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The last word on the 'N' word

The past, present, future and cultural consequences of America's most infamous racial slur

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"Die Nigger Die!" -- H. Rap Brown/Jamil Al-Amin

The use of the "N" word is complicated. We laugh at Hollywood stars and dubious politicians entering rehab in an attempt to right their wrongs, but perhaps our society needs a 12-step program to deal with our nonsense. The uproar over the use of the "N" word has led many to call for a ban on the word all together, which is actually quite intelligent but undermines our First Amendment right of free speech. I'm actually glad to know that Gibson, Richards and Washington are evildoers so that I can choose not to support their projects. If the word were banned, how would I know? Can you really determine when a word as tenuous as this one should or shouldn't be used and by whom? What happens to art and literature if we do ban the word? "The public use of the word personally offends me. To hear it used so freely is unnerving, but on a policy standpoint, I don't think it should be banned because of the precedent that it would set in terms of censorship," says Dr. Darrick Hamilton, professor at the New School for Social Research, a university in New York.

The use of the "N" word is messy, and I too hate to hear the word floating around, particularly on college campuses. It assaults my psyche, and I'm supposed to be young and hip, which of course is relative. So, I should hip people out there to another point -- the "N" word is a fighting word, even in the black community. The wrong tone or inflection when using it can get you hurt, and I'm not talking just about your feelings. While I do not ever advocate violence under any circumstances, the fact remains that the "N" word is a fighting word. The fact that Michael Richards made it off of that stage in one piece is miraculous to me.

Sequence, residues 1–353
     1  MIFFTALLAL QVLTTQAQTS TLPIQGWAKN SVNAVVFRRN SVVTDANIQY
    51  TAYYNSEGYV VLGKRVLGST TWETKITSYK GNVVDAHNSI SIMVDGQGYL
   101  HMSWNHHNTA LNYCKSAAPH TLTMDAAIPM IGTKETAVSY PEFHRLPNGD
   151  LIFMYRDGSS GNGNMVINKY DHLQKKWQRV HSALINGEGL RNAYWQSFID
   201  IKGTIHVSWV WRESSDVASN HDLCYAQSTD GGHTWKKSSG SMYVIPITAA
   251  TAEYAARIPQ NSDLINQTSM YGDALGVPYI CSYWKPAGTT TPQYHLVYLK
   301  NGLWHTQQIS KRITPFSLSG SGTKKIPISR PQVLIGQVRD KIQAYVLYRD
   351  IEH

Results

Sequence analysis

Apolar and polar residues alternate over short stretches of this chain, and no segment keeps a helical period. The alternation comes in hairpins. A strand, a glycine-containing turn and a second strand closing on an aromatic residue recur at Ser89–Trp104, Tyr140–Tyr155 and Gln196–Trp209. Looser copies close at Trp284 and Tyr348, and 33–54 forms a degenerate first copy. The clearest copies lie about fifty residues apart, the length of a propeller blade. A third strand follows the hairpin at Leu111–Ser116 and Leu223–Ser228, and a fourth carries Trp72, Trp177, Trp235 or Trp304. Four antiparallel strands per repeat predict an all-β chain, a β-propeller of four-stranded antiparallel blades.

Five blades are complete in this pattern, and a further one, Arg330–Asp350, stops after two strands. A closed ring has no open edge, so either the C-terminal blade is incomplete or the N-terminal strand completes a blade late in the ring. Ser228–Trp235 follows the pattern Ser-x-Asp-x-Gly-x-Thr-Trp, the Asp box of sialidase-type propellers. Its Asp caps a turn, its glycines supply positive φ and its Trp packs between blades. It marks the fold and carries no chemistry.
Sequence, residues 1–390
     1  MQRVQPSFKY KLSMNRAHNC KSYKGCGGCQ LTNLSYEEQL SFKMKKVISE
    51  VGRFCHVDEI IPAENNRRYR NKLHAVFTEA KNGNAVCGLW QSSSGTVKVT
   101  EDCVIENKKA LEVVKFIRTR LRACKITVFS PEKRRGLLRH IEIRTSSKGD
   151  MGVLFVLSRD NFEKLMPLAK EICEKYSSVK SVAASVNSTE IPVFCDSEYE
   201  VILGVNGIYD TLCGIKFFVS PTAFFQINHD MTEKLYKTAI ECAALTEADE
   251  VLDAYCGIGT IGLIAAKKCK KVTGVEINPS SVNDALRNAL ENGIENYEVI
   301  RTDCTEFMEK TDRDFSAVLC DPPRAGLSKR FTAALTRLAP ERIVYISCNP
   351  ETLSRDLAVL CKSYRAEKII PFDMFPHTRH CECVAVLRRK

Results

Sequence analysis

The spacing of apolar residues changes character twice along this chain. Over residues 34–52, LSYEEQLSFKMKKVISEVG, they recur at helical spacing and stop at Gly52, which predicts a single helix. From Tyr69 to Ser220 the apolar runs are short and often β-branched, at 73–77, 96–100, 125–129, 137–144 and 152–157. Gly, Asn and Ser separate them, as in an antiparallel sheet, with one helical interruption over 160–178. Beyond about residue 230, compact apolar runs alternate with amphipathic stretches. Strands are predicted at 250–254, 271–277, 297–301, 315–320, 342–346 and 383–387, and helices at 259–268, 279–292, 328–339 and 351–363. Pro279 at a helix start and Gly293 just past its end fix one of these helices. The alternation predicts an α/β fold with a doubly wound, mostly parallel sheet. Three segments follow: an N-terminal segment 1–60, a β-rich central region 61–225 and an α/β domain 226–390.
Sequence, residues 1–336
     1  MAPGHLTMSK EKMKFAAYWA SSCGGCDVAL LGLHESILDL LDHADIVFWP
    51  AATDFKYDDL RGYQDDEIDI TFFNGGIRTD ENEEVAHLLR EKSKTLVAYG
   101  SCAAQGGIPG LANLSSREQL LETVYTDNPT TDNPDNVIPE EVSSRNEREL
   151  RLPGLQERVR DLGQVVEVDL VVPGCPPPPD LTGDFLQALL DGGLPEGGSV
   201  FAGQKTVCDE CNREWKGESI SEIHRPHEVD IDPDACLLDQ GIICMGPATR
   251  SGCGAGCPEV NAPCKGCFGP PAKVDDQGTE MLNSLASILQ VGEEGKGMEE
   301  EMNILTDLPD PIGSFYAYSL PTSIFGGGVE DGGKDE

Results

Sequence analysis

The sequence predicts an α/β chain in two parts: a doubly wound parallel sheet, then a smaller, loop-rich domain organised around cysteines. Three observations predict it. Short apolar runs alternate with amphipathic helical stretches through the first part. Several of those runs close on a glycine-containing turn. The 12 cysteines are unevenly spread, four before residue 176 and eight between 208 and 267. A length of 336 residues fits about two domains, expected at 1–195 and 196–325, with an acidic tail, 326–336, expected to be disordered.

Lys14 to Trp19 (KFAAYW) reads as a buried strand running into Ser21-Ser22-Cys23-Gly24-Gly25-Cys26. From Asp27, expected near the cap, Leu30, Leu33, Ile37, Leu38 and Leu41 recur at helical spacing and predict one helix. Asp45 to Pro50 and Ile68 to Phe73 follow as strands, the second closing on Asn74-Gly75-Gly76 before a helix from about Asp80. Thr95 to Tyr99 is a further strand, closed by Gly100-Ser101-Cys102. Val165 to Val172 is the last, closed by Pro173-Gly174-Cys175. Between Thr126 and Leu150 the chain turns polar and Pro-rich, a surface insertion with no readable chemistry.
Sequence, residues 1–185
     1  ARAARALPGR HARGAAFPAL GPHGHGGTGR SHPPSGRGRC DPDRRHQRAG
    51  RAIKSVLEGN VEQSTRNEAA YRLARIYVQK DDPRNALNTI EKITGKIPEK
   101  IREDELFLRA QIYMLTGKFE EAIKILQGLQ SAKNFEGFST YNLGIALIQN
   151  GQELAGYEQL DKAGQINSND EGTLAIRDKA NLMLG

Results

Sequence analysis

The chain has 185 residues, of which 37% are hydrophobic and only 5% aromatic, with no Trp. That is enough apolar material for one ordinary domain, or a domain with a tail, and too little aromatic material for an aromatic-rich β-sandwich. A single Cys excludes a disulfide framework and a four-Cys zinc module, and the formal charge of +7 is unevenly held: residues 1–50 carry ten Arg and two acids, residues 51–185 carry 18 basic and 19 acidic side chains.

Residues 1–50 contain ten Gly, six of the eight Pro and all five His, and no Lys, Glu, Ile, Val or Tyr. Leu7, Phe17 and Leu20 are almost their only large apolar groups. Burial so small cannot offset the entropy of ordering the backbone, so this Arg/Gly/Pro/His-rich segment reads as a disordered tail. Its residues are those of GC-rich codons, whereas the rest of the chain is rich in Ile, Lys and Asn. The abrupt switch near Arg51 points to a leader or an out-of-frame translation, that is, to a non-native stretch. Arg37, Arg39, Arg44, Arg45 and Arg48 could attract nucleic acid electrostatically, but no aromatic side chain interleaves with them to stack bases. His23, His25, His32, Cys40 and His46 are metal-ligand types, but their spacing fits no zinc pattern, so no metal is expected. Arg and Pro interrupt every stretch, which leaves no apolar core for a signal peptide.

I am currently in a 12-step program to stop using the word altogether because I believe that at this point, more harm from its use is occurring than any symbolic good. This may not be your choice, because after all is said and done, you have a choice. So, I would caution anyone to think before using the "N" word, particularly in a public forum; the only thing that is certain about this word is the uncertainty of how it will be received.

Nsenga Burton is a Charlotte-based writer, filmmaker and academician.

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